And as that spread it was clear many other recruiters out there were feeling the same, and being treated the same.  Particularly, it has to be said, in the more acutely candidate short markets, such as IT, Engineering and – dare I say it – Recruitment.  An accounting recruiter in Auckland Adam Napper (@BeanyRecruiter) tweeted:

“Try accounting then. My candidates are more than obliging as it is still very tight for roles!”

We in recruitment are frequently lambasted by candidates for poor communication, lack of follow up, insufficient feedback and not having their best interests at heart.  Sadly, in some cases, these criticisms are justified.  But isn’t it interesting to see how, once the power shifts into the hands of the candidates, it is they who suddenly deem it acceptable to behave rudely and mess people around?


I suppose that’s just human nature.


Jonathan Rice

MD at New Zealand rec-to-rec firm Rice Consulting and co-founder of on-demand recruiter offering Joyn. Recruitment agitator and frustrated idealist, father of two, husband of one, and lover of all things Arsenal and crafty beer.


  • Candidates forget that recruiters have databases and memories. Candidate short market or not, there is just no excuse for bad manners.

  • paul jacobs says:

    The funny thing is that some of these rude, arrogant and late-for-meetings tossers with an external locus of control would make excellent employees and managers and fit with many organisational cultures – and probably perform exceptionally with their critical thinking approach and blame shifting. If you don’t place them, then another recruiter will and say they’re an “X-factor candidate”. At least the candidate had the initiative to look in the white pages 😉 I’m sure many of us have met potential clients where we got a similar vibe.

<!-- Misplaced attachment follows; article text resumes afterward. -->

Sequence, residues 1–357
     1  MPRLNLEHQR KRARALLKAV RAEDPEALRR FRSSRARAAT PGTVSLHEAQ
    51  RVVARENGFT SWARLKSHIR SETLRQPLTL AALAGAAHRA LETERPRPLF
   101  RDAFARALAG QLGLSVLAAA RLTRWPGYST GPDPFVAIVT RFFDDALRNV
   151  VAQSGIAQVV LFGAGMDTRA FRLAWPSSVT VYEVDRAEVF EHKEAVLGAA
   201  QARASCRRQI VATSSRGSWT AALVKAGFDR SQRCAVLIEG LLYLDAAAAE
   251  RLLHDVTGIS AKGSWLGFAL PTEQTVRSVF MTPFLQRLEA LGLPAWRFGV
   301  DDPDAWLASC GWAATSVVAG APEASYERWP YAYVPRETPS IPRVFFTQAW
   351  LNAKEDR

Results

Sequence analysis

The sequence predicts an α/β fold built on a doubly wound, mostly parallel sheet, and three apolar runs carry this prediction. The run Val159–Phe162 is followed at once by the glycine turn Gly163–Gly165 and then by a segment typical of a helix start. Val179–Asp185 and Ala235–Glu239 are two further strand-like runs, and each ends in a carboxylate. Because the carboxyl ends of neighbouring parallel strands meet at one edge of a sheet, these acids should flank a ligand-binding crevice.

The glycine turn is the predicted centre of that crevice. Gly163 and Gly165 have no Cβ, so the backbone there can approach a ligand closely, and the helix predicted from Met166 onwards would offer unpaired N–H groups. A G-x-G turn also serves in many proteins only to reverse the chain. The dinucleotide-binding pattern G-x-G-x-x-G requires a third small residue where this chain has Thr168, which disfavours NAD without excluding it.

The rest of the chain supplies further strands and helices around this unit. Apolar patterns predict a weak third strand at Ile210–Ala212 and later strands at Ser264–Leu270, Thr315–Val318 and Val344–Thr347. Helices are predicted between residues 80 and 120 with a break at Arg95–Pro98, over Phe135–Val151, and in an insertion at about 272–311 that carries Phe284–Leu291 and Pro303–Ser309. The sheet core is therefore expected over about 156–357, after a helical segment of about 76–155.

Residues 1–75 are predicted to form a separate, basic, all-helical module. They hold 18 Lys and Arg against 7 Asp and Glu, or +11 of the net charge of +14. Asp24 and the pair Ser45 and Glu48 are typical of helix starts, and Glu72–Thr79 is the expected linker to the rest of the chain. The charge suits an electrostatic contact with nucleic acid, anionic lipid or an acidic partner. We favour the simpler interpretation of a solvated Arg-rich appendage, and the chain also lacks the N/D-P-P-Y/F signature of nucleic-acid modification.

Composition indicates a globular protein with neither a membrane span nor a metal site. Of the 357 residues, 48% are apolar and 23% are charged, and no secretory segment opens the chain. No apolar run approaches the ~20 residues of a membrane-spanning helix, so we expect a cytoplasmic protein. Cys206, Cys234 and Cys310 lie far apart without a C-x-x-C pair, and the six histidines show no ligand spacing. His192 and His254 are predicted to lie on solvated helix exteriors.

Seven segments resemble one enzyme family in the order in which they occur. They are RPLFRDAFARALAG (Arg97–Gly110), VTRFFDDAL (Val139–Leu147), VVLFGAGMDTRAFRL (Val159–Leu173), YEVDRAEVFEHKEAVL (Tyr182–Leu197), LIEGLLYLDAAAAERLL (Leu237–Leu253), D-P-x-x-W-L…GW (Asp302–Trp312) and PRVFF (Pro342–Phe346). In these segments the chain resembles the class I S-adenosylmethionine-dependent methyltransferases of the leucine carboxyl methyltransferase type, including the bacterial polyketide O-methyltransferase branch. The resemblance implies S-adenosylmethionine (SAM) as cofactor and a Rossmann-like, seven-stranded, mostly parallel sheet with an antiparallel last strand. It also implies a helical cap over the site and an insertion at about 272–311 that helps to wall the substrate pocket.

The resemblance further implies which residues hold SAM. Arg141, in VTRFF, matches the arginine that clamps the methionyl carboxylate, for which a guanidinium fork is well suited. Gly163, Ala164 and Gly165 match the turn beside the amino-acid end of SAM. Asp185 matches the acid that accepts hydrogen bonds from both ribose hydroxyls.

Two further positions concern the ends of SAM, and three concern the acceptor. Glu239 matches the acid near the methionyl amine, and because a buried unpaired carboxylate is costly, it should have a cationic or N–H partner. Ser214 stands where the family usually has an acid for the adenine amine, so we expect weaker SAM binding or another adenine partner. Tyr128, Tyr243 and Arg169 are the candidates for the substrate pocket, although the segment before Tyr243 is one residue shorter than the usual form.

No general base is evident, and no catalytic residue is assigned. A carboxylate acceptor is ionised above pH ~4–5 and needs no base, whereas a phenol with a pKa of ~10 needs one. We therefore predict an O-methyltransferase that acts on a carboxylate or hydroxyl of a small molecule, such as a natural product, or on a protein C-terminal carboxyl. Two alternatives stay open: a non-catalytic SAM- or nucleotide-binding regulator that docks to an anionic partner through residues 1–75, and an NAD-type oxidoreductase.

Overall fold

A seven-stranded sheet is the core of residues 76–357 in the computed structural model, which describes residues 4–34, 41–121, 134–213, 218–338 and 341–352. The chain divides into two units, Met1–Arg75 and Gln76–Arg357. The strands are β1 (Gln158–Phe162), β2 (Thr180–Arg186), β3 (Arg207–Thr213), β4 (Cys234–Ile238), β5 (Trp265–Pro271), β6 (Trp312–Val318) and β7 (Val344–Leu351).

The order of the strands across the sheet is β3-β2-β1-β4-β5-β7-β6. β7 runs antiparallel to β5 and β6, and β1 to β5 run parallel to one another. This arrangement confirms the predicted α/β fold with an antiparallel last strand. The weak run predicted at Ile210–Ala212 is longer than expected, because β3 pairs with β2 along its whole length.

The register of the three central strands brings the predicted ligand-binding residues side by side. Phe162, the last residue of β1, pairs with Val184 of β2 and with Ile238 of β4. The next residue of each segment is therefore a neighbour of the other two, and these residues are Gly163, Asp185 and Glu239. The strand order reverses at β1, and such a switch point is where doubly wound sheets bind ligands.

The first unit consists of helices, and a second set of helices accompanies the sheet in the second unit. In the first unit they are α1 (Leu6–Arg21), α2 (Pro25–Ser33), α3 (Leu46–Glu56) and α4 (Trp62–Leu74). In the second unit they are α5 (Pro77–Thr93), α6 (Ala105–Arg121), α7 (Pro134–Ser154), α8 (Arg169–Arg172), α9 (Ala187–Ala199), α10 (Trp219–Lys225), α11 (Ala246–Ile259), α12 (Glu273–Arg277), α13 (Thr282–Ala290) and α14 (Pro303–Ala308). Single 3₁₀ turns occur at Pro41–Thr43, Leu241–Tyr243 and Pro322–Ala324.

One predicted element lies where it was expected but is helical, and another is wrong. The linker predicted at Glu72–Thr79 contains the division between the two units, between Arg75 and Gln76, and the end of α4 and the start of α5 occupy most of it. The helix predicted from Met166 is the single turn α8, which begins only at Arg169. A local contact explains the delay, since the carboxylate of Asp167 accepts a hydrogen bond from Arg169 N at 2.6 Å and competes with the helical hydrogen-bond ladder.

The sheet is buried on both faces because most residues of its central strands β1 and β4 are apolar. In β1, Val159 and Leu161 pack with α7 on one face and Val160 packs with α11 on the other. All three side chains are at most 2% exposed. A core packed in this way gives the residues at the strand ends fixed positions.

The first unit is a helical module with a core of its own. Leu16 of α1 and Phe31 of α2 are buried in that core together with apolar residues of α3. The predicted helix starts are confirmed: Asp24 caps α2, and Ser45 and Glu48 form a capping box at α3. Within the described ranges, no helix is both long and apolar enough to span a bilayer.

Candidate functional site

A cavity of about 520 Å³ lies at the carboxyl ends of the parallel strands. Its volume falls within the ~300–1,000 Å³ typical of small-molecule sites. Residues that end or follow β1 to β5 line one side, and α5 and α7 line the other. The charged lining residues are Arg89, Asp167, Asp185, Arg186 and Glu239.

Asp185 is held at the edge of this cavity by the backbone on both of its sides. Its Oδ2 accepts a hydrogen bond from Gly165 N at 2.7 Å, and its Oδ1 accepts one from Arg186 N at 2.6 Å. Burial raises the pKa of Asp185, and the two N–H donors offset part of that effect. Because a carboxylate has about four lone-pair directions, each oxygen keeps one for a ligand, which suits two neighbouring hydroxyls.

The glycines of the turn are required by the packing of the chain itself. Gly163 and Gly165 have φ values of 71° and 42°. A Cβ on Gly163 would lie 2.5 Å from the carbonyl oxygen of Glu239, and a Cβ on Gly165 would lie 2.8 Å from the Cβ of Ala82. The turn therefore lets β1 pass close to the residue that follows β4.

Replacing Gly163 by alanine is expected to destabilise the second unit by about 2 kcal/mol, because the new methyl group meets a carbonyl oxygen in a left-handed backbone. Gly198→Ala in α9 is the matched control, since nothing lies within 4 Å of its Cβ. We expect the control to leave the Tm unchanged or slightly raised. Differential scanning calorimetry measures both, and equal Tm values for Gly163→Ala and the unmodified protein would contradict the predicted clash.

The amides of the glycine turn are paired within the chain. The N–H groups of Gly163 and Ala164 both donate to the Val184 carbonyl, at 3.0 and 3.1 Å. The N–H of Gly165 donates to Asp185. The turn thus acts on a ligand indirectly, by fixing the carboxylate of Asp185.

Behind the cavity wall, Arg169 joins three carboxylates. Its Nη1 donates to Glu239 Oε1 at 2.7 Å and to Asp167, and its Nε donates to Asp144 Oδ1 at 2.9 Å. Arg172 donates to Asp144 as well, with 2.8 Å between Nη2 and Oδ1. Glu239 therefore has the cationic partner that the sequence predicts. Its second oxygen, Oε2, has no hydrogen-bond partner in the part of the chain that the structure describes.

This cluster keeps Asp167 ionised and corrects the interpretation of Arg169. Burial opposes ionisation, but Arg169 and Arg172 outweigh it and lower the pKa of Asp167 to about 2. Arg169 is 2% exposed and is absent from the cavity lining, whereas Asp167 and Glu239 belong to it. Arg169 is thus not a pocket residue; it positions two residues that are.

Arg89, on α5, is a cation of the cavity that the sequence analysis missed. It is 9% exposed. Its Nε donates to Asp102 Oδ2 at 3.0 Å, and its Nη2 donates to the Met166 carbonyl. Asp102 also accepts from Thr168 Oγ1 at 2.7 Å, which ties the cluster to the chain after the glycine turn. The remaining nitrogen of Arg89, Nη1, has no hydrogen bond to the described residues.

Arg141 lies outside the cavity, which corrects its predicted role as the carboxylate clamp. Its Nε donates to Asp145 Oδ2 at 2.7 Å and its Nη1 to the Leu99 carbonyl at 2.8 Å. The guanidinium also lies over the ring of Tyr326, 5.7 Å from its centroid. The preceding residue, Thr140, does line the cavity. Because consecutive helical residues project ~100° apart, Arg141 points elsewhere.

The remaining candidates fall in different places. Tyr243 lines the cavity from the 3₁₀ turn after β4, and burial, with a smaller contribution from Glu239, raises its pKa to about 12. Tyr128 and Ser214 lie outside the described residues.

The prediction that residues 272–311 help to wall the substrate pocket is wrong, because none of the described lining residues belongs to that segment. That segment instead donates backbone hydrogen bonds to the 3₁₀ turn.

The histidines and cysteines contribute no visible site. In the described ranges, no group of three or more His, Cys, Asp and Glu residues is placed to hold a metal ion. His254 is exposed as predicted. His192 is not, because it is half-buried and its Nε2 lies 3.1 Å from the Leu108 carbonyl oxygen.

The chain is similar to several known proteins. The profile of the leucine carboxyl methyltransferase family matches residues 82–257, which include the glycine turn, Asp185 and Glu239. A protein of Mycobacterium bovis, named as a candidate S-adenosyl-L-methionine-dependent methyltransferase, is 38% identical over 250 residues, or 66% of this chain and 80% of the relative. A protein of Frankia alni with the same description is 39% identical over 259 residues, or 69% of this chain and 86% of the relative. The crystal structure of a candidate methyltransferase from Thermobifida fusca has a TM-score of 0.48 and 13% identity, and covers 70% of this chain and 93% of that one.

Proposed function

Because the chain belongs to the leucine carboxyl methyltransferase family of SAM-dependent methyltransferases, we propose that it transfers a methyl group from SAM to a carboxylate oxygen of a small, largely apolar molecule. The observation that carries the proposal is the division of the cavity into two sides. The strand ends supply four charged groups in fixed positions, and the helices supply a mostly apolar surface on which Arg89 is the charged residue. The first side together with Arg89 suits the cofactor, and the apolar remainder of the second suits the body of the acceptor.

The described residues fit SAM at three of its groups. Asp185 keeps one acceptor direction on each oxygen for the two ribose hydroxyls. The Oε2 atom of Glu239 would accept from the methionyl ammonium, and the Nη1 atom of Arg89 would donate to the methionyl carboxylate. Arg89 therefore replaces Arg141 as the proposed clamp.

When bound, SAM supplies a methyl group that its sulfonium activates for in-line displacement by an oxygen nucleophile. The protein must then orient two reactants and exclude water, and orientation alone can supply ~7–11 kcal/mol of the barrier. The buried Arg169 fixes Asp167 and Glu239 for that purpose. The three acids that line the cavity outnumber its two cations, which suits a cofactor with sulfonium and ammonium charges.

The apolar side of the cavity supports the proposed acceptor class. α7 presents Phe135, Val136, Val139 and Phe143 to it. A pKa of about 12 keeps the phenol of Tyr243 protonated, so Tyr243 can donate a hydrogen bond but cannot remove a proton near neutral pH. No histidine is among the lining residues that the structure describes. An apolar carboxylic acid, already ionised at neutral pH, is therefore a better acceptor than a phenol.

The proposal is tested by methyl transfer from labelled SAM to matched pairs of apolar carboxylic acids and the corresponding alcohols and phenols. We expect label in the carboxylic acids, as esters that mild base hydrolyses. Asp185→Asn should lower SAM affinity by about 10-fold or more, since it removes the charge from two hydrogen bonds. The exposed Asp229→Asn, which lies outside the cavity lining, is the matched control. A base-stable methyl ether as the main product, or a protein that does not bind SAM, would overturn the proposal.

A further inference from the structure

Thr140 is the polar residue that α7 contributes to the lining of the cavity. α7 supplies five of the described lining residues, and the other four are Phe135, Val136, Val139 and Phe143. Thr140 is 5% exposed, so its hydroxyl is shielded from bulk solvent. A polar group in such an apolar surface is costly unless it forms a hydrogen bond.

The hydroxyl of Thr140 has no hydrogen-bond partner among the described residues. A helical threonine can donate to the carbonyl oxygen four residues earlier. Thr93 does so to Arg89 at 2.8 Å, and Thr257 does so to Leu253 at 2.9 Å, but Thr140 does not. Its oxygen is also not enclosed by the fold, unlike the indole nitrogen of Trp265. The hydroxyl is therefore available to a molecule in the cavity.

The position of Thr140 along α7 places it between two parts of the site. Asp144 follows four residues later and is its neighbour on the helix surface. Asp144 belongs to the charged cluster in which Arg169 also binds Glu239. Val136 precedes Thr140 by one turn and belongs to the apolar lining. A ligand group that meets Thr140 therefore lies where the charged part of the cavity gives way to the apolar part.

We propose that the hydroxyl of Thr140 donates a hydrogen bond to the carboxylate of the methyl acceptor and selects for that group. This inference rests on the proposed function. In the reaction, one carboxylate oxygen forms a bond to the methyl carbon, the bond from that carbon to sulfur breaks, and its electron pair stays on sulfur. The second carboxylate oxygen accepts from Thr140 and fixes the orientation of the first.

• Johan says:

    Thats why our clients use agencies    to weed out these ….

  • Chris Mosley says:

    Had 2 no shows this week. Person A – emails with apology, advises when they are next available and suitable to is re-arranged. Person B – No email, no response, actually I still haven’t heard from them and the interview was booked for Wednesday. My market is 50/50 right now, but the turn of the tide is coming. /sigh.

  • Stewart Farr says:

    I bet she had a glowing CV too! With all the right keywords. Ironic how people are different on paper. 

  • Simone Wadham says:

    You can never be too well groomed or too well mannered for an interview/meeting/coffee/chat.  Courtesy is still very appealing from where I sit!

  • Chris says:

    This story sounds made-up.The flaw in it is that a listing in the White Pages is automatic – everyone gets a listing, unless they opt-out. You also don’t pay for listing in the White pages.

  • John Bennewith says:

    As much as I like this article I would have to agree with Paul Jacobs in the fact that these candidates are the X Factor candidates and I always so much prefer the market when there is a candidate shortage than an over supply. This is when really good recruiters with really good personal networks make the most placements and also make the most money. It is a lot better for the power to be with the people than with the corporations and clients. This makes salary negotiations and demands much easier.